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Let $A$ be a nonempty subset of $\omega$, the set of natural numbers. I want to prove this statement:

If $\bigcup A=A$ then $n\in A \implies n^+\in A$.

Help...

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When you're viewing the natural numbers as the sets of smaller natural numbers, it is good style to explicitly call them "finite ordinals" or something like that. Otherwise, readers are likely to think that you're only considering the arithmetic properies of the numbers (rather than one specific set-theoretic implementation of them). –  Henning Makholm Apr 25 '12 at 15:03
    
Also closely related: this question by the OP. –  Asaf Karagila Apr 25 '12 at 16:18
    
@asaf: I read your proof. You showed that A is fully ordered by membership assuming that w is well ordered by membership, but is there another way to prove that UA is an element of w or is w, not assuming that w is well ordered? –  Katlus Apr 25 '12 at 16:43
    
The book im studying has not even defined what is ordinal.. Thus i wrote 'element of w or w' rather than ordinal.. –  Katlus Apr 25 '12 at 16:45
    
Katlus, I have no way of knowing what the book have taught you or haven't taught you. At least tell us what book you are studying from, so people knowing it might have a better way of helping you. This extends to my next point, you have not supplied any definition of $\omega$ or otherwise a natural number. There are several which are equivalent, I cannot know which one you were given as the basic definition and which one will come later. –  Asaf Karagila Apr 25 '12 at 17:30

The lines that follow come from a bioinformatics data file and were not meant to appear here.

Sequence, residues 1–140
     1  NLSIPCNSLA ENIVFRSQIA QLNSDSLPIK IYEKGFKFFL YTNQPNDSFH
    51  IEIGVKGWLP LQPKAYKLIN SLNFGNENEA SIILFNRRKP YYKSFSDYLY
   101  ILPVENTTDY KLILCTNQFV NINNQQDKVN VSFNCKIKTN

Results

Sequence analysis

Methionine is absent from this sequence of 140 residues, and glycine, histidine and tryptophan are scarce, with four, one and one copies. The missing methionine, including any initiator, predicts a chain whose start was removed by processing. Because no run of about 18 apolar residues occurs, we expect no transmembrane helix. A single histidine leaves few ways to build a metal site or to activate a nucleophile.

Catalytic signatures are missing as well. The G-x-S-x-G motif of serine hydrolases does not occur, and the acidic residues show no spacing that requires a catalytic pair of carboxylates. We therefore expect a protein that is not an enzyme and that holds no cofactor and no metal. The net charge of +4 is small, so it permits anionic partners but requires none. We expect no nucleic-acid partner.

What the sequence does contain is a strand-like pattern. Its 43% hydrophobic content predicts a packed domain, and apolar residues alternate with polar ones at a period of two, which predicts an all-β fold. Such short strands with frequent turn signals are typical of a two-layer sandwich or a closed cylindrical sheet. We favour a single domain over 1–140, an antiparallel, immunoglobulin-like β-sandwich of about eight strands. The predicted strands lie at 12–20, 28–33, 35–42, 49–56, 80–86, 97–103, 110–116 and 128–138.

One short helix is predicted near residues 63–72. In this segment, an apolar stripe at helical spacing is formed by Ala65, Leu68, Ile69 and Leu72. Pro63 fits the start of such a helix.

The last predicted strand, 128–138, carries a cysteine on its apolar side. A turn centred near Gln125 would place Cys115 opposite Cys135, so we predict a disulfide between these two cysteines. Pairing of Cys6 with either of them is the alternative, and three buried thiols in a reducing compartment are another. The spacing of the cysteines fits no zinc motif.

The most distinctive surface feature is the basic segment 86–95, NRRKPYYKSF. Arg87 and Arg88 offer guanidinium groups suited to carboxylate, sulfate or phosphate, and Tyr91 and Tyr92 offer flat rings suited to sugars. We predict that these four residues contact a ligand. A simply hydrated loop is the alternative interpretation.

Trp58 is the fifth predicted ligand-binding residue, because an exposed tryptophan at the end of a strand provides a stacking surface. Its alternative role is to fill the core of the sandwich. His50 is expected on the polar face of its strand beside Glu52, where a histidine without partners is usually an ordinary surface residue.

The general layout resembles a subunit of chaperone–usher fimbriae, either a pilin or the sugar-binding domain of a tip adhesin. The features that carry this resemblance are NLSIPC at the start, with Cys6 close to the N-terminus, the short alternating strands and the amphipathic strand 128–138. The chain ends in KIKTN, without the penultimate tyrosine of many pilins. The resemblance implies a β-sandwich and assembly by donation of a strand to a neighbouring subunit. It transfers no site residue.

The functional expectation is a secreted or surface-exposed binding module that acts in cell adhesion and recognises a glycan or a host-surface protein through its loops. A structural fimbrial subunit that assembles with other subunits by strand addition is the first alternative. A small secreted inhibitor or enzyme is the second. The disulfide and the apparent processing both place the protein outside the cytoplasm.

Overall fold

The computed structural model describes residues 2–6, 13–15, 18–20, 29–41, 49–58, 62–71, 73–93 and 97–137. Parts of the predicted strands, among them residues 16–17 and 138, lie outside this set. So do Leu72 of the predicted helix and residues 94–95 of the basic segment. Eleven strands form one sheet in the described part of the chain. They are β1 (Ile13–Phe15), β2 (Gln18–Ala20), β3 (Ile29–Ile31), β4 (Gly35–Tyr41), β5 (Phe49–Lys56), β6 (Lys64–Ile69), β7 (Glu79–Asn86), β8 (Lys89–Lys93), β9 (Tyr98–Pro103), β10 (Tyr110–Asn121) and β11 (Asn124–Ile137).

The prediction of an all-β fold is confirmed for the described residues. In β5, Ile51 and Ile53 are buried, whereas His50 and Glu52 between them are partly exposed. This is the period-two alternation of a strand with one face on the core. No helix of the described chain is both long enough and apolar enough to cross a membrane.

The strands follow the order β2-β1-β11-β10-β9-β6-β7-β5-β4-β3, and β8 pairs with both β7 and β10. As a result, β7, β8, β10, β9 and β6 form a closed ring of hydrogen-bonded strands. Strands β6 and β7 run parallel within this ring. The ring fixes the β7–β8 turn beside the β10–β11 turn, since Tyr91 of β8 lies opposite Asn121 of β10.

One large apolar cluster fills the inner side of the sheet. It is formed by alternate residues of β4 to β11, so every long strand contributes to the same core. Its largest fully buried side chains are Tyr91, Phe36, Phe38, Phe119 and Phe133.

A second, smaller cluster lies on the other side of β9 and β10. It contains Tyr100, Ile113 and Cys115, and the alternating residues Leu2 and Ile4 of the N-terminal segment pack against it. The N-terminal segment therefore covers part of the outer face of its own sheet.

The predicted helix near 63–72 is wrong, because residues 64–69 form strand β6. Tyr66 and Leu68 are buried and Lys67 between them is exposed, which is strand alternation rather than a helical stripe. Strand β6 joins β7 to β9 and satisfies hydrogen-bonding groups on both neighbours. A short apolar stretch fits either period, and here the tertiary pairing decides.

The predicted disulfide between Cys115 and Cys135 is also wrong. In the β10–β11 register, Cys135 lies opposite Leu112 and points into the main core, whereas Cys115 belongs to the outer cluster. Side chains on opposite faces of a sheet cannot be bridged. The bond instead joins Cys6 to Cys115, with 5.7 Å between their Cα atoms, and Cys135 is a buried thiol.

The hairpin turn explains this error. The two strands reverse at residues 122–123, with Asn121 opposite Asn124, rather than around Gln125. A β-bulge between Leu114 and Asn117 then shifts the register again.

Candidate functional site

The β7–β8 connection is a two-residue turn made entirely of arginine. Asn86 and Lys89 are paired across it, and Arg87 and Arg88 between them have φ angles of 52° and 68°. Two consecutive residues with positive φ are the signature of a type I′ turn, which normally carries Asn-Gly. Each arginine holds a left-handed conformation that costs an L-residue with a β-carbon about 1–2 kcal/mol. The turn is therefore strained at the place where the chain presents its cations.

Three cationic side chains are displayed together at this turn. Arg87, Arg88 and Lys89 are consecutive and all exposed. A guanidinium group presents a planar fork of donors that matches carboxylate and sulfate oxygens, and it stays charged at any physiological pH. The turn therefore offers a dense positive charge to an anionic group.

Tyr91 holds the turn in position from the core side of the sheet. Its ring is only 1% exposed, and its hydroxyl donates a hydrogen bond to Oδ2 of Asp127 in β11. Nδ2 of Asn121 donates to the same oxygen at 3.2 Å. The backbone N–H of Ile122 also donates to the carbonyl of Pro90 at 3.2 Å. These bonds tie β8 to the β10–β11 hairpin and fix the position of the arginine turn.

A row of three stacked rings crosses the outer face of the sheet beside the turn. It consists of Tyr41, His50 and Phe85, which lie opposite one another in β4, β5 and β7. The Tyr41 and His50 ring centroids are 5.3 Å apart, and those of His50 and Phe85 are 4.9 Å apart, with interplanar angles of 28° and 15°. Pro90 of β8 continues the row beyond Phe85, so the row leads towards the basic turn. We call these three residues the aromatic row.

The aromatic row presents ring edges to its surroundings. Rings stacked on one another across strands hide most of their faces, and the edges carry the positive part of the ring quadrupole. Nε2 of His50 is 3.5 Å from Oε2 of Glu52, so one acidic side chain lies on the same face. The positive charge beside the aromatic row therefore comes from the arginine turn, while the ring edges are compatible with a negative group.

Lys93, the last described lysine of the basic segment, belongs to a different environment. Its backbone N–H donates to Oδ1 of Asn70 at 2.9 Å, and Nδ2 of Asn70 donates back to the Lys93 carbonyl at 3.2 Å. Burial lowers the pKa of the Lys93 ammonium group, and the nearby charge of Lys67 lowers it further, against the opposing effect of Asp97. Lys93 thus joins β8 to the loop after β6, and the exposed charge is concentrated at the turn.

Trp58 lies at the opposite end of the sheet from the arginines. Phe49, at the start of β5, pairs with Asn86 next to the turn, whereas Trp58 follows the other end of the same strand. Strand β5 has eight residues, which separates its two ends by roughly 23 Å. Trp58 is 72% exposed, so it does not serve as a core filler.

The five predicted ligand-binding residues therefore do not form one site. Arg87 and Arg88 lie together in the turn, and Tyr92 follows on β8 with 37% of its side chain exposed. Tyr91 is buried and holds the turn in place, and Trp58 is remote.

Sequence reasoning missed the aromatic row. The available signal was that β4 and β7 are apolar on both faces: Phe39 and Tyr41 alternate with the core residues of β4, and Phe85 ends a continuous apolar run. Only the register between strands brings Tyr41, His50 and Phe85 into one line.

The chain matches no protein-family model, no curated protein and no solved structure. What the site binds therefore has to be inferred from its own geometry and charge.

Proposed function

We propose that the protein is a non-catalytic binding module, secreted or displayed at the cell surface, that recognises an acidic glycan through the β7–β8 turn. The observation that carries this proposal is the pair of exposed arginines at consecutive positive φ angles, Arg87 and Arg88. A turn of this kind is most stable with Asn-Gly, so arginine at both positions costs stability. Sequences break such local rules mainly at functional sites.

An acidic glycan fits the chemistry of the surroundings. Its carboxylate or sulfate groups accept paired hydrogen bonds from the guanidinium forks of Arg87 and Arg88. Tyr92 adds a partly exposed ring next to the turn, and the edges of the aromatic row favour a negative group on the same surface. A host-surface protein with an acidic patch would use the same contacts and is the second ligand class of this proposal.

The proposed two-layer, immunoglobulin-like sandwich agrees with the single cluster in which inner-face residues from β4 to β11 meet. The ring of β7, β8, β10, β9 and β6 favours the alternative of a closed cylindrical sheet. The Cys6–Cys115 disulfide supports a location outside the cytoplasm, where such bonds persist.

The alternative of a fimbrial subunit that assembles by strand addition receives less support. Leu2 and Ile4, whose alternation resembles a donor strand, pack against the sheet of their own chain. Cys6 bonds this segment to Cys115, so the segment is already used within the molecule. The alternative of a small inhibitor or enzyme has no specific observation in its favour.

2 Answers 2

up vote 3 down vote accepted

$\bigcup A\subseteq A$ says that $A$ is transitive and is therefore an ordinal. Now if $A$ were a successor ordinal $\alpha+1 = \alpha\cup\{\alpha\}$, then $\alpha\in A$ but $\bigcup A = (\bigcup\alpha)\cup\alpha \not\ni \alpha$. Thus $A$ must be either $0$ or $\omega$.


Or more directly: Assume $n\in A$. Then $n\in\bigcup A$, that is, there exits $y$ such that $n\in y \in A$. Then $n^+ \le y$. In the case $n^+=y$ we have $n\in A$ directly. Otherwise $n^+\in y\in A$ so $n^+\in\bigcup A$.

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Thanks! But i want to show that A=w by showing that A is a successor set. Your proof is really good but it shows that A=w first, then show that A is successor set. Can you help me how to show that A is a successor set directly? By the way, I have proved that empty set is an element of A. –  Katlus Apr 25 '12 at 15:25
    
See edit. ${}{}{}$ –  Henning Makholm Apr 25 '12 at 15:34
    
This problem is at right after introducing elementary properties of natural numbers while showing that 'w is well ordered by membership' is at 3 chapters later. –  Katlus Apr 25 '12 at 16:26
    
This is first time im studying set theory.. It feels weird to study further and come back to the problem i couldnt prove and prove it with the concept not in that chapter... –  Katlus Apr 25 '12 at 16:34

Oh yes, this can be pretty confusing! Here is how I think of it:

$\bigcup A = A$ really means $\bigcup A \subseteq A$ and $\bigcup A \supseteq A$.

Now assume $a \in A$. From $A \subseteq \bigcup A$, we get $a \in \bigcup A$, which, looking at the definition of $\bigcup A$, means that $a$ is an element of some element of $A$, say $b$. That is, $a \in b \in A$. But $b$ is a natural number, and since $a \in b$, $b$ is a $strictly$ $bigger$ natural than $a$. If $b = a^+$, we have $a^+ \in A$, and we are done. Otherwise, $a^+$ is an element of $b$. But then from $\bigcup A \subseteq A$, we get $a^+ \in A$ again.

And looking at the proof, we see that $A$ must have actually been $\omega$ all along!

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